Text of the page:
Piece by Piece: Show-Building

With the numerous choices to choose from these days, finding a new show to start can be like attempting to find a needle in the haystack, an impossible quest that will only hurt you in the end. From the beloved hits like “The Office” (U.S.) and “Parks and Recreation” to “Orange is the New Black” and “Breaking Bad”, there never seems to be a shortage of shows to watch, but what makes them rise to fame? What truly dictates a good television show? In a world so perfect, a good TV show writes itself. Though, realistically, wonderful TV shows are concocted using the vital six elements; a layout, good characters, fascinating plot, a recognizable paradigm, discord, and an authentic dialogue.

Though, realistically, wonderful TV shows are concocted using the vital six elements; a layout, good characters, fascinating plot, a recognizable paradigm, discord, and an authentic dialogue.

Writers and producers often come up with some sort of game plan for the series before they start writing the actual plot line of each episode, let alone each season. Almost always, there’s an overarching issue that the cast is facing, despite the smaller struggles they deal with in each single episode. This encompassing plot is what provides continuity and connects the episodes, allowing people to want to watch the next release. Writers also have to work with a time constraint, as episodes can’t run over a certain period of time. So in the the allotted interval, they need to figure out how to pack in the different conflicts, resolutions, and add certain cliffhangers that keeps their viewers interested in the story to come. This is how how they successfully increase their popularity and simultaneously build their fan base. However, it must be remembered that this is a rough sketch of what they plan to come, meaning that none of it is permanent in any sort of way and there’s a shifting nature to the entire scheme of it. It’s a work-in-progress, meaning it is susceptible to future changes in script and plot regards.

From humorous sitcoms to compelling dramas, the heart of any show lies within the characters created. The characters that truly stand are the ones who are able to connect with the target audience because of their words and physical features. Whether or not they learn an crucial lesson concluding an episode, they re-spawn the next time with the similar flaws and carry that to the next episode. As a show progresses, those flaws soon to mature as the character endures development and makes new mistakes along their journey. They carryout out the notion of the plot, as the character likability reflects the show. Good characters mean a good show.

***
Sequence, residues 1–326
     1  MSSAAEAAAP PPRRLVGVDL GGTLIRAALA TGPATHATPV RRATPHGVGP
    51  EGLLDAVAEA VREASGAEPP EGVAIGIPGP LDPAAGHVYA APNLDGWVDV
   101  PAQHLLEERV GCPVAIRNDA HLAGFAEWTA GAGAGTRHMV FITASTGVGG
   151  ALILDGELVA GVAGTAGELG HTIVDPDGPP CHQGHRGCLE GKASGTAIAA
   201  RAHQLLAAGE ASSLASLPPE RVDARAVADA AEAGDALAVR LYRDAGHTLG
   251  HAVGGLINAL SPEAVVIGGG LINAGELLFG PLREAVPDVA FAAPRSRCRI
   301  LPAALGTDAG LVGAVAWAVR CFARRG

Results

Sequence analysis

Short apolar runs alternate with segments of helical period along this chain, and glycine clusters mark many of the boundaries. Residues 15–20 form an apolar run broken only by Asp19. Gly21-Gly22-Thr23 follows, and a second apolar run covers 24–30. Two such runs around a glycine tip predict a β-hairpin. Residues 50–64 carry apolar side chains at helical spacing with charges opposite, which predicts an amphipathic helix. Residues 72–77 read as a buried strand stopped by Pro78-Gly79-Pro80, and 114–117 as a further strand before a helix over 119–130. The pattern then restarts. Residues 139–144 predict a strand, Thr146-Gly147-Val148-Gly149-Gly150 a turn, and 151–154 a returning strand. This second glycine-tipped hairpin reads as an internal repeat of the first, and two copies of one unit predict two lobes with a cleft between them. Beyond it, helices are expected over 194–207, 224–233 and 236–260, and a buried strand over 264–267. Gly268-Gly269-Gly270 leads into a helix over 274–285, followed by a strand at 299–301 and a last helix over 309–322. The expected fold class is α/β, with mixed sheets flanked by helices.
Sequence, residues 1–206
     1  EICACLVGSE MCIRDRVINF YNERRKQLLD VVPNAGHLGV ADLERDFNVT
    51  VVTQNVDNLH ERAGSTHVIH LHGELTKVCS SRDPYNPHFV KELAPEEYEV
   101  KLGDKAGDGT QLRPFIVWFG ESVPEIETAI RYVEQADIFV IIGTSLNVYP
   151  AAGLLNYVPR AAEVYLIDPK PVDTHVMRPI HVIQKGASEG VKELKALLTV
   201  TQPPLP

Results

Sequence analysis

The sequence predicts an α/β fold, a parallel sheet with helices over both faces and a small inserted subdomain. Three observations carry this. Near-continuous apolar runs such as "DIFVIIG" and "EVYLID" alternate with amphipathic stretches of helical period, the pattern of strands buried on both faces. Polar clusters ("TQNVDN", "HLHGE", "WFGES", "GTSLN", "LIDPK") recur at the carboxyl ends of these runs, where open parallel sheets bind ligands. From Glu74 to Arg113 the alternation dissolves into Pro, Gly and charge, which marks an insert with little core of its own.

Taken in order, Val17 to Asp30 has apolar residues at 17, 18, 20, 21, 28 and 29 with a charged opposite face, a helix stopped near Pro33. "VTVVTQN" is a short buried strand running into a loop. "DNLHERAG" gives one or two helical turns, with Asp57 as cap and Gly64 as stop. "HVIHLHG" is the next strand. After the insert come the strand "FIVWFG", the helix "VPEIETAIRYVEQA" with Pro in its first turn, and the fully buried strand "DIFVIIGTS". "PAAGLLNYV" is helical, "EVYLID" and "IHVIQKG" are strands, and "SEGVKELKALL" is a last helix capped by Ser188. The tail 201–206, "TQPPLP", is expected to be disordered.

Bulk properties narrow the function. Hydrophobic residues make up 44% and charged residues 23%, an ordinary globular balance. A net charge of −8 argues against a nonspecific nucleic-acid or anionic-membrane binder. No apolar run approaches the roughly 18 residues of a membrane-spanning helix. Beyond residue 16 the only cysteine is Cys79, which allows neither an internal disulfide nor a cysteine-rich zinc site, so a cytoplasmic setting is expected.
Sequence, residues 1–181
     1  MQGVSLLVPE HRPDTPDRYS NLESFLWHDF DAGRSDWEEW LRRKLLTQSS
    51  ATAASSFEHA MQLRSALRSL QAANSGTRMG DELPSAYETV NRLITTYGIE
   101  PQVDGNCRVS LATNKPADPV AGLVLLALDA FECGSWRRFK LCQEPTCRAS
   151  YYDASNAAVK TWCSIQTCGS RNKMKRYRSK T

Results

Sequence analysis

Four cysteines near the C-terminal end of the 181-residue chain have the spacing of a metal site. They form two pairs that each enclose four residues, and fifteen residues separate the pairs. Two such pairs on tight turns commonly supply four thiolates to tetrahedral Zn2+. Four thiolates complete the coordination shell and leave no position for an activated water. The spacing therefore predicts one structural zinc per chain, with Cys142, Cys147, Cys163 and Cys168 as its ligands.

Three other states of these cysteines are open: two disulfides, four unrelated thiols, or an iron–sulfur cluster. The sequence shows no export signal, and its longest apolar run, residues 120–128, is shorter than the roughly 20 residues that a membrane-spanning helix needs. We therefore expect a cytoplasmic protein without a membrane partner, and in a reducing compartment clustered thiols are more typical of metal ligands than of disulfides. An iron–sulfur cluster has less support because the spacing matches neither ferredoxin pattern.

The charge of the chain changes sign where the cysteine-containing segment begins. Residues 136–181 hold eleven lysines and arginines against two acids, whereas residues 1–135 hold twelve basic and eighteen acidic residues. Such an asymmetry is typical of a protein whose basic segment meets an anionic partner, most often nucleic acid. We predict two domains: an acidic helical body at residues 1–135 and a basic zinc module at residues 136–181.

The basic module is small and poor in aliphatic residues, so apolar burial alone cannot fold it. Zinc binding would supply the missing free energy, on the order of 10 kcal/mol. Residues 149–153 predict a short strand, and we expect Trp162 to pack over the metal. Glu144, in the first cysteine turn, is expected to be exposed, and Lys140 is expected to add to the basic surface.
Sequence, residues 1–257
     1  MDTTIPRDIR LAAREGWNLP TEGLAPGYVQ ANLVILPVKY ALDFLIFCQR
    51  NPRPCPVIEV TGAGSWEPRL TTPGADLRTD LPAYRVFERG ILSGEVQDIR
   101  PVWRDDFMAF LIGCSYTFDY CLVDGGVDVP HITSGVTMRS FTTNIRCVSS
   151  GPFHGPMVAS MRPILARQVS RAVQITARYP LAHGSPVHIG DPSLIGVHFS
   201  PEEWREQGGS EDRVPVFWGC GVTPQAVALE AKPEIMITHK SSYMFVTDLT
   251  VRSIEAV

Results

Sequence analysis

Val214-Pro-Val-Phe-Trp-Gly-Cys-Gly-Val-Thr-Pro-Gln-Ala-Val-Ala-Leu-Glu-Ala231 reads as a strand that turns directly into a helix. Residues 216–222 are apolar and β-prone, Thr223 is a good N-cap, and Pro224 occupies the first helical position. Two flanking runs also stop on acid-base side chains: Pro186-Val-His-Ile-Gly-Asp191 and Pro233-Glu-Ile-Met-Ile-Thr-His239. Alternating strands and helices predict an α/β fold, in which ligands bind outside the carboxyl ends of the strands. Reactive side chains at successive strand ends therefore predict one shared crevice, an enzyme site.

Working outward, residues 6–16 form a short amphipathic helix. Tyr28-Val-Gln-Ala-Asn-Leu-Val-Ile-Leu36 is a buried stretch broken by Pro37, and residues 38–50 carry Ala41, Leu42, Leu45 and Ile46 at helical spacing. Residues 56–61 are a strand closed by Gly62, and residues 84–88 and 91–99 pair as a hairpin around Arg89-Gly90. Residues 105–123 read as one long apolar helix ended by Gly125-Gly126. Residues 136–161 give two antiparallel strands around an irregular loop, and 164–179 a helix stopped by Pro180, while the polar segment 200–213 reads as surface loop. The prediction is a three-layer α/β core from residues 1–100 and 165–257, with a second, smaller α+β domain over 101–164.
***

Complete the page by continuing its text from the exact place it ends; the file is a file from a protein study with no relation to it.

Good characters mean a good show.

The greatest plots unify with tactical writing and creative ideas, with the understanding of human behavior. In many episodes, the characters desire something- whether it may be a car, job, relationship, fame, apology– lay out an expedition to obtain it. Plot, it should be noted, isn’t the same as a story. The plot is the driving force behind every piece of literature. Without it, there is no conflict which compels characters to strive for their goal, and therefore no story. In short, it would be just like life, with all its ups and downs, and people just living their lives. Though it may follow a formula and repeat the identical archetypes over again, the journey, internal or external, is provided through the plot and is the one thing we share with the character.

Like any great story, television shows contain structure. A diverse amount of shows unwrap their stories in four to five acts, which have a beginning, middle and an end. These episodes start debuting the primary conflict. The tension is built in the middle, traditionally just before the commercial breaks, and finish off with the resolution when the characters resume the status quote.  This structure may seem repetitive, but with additional characters or twists sprinkled in, the audience barely notice as they are busy engrossing themselves with what is going on.

One of the biggest attraction factors for any good show is the struggle, the conflict that the plot carries. It can differ on a variety of changing levels, from differences in beliefs, desires, and the requirements that each character needs. Another impressive discord I’ve noticed is the internal battle that happens inside a character, facing the problems within themselves as they attempt to maneuver the outside world as well. The idea of conflict adds a vital part to the plot as it ties the many members together as well as gives the watchers a reason to continue doing so, to see how the writers try to resolve seemingly impossible problems. As characters grapple with the differing opinions of others as well as the personal growth they’re facing – whether that be negative or positive – they learn to evolve as an entire show and bring new meaning to the already interesting story line.

Last but not least, great dialogue is a critical component in the creation of a successful TV show, as it the primary vehicle of how to tell a story. Favorable dialogue is believable. It is tailored to characters and mirror the way people communicate in real life. It also pieces together personality, as what you say depends on what you believe and feel at the given moment. This leaves room for subtext and non verbal communication, which permits the viewers to think for themselves and add in their own versions.

Favorable dialogue is believable.

Television success is an elusive concept, but when broken down into the imperative elements it is not at all hard to see why certain shows flourish and others get left behind in the sands of time- they were missing one of these key ingredients.


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